Statement of Robert J. Halstead on Behalf of the State of Nevada Agency
for Nuclear Projects Regarding U.S. Department of Energy Draft

   Environmental Impact Statement for a Geologic Repository for the

  Disposal of Spent Nuclear Fuel and High-Level Radioactive Waste at

                        Yucca Mountain, Nevada

                  Presented at the Public Hearing in

                           Cleveland, Ohio

                           January 28, 2000

     The manner in which the comment period and public hearings for the
Environmental Impact Statement (DEIS) for the proposed Yucca Mountain
High-Level Radioactive Waste Repository have been noticed by DOE is
misleading and intended to suppress public participation and public
Notices make no reference to the specific transportation routes, the types
and volumes of shipments along each route, and the impacts to specific
communities along identified routes; nor is such information to be found in

the draft EIS document.

     The State of Nevada has attempted to address these issues in comments
delivered at various public hearings around the country. The State's
preliminary transportation comments have addressed specific deficiencies in

DOE's DEIS regarding the radiological hazards of the SNF and HLW that DOE
proposes to ship to Yucca Mountain, the shipment modes and routes, the
associated with legal weight truck (LWT) transport, the vulnerability of
shipments to human initiated events including terrorism and sabotage, DOE's

failure to identify a preferred rail access corridor to Yucca Mountain, and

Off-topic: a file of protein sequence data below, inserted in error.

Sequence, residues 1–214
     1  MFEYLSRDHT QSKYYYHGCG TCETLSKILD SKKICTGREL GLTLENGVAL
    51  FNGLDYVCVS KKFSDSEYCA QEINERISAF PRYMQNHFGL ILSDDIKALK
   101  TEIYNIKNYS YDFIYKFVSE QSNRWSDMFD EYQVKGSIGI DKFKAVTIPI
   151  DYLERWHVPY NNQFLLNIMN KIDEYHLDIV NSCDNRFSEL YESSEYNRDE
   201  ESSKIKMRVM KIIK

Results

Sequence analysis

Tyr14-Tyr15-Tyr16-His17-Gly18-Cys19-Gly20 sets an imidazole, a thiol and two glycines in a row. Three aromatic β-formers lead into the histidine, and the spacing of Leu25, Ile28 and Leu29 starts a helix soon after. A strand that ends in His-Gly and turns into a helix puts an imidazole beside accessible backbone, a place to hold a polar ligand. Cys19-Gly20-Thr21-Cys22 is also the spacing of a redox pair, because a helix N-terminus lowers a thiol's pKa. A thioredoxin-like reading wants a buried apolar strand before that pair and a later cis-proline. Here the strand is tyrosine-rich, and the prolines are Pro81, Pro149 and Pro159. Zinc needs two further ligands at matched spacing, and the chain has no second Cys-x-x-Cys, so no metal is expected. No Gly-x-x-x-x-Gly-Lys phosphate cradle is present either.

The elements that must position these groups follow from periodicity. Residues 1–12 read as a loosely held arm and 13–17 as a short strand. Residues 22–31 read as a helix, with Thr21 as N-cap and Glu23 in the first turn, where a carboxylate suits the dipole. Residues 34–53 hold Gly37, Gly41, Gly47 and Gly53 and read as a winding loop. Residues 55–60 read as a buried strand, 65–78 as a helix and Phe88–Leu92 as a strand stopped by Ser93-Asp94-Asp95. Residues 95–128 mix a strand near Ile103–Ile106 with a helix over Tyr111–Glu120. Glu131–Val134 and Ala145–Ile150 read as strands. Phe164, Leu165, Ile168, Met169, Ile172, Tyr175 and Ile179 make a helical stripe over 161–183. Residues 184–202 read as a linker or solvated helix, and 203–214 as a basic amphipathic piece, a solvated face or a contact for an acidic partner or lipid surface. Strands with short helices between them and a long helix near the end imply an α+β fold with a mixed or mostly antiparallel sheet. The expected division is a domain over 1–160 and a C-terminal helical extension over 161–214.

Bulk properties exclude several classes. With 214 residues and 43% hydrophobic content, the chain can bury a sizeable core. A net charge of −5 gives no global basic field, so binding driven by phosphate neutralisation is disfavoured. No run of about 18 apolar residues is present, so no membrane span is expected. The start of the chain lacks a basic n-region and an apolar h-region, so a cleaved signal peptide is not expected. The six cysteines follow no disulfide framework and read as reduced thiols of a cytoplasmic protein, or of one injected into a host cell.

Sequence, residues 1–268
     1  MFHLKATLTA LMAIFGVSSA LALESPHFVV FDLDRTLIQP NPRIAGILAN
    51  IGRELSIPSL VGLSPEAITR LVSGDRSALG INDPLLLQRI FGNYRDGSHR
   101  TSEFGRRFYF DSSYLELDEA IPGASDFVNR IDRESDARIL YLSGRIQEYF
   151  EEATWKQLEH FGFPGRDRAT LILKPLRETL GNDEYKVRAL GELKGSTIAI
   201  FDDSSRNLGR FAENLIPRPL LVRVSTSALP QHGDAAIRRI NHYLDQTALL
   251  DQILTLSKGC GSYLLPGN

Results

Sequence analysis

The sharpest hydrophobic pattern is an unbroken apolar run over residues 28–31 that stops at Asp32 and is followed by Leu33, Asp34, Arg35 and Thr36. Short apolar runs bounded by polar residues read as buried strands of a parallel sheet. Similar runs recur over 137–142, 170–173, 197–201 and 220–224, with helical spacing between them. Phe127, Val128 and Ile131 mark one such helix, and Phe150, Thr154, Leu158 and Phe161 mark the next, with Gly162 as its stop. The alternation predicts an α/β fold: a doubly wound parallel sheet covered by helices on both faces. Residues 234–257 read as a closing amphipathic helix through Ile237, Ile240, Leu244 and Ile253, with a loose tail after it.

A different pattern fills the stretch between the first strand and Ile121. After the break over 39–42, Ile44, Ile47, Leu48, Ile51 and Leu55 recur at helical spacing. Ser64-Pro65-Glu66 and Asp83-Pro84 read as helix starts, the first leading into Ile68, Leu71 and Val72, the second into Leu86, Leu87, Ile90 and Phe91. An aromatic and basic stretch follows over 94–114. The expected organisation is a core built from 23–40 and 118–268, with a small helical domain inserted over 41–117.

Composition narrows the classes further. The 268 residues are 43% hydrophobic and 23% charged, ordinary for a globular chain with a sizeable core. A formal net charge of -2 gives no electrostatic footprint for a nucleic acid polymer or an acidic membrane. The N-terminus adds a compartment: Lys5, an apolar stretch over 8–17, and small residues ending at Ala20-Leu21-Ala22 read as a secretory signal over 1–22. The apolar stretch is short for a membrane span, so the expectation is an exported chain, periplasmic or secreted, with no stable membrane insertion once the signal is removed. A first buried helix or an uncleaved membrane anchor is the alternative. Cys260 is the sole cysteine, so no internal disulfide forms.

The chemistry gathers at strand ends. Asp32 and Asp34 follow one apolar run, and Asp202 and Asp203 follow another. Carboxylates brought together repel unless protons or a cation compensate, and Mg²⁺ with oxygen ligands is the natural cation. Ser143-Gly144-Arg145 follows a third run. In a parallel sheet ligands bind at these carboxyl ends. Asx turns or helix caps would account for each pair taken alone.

DOE's failure to demonstrate the feasibility of heavy haul truck (HHT)
transportation from an intermodal transfer station to the proposed
repository, impacts of rail construction and operation, impacts on Native
American lands and cultural resources, and social and economic impacts of
public perception of transportation risks. These statements are available
the web at

     The draft EIS fails to identify the specific transportation routes for

spent fuel and HLW shipments from specific reactor and generator locations
Yucca Mountain despite the fact that these routes were identified as part
the analyses contained in the transportation appendix and references. DOE,
effect, has chosen to hide these routes and simply report the analyses in a

generic fashion. The State of Nevada has been able, after considerable
effort, to "back out" those specific routes from modeling data contained in

DEIS references. Those routes make Ohio the gateway to Yucca Mountain for
of the commercial nuclear power reactors in the Northeastern and Middle
Atlantic states, but the DEIS makes no specific reference to transportation

impacts in Ohio.

     Under the DEIS mostly truck scenario, DOE's preferred Nevada route to
Yucca Mountain is I-15, the Las Vegas Beltway (I-215), and US 95. Using the

HIGHWAY model, DOE contractors generated national routes from the 77
sites to connect with the Las Vegas Beltway. These national routes are not
revealed in the DEIS, but they are disclosed in the DEIS references, which
can be accessed on the worldwide web at

     The routes used for the mostly truck impact analysis in the DEIS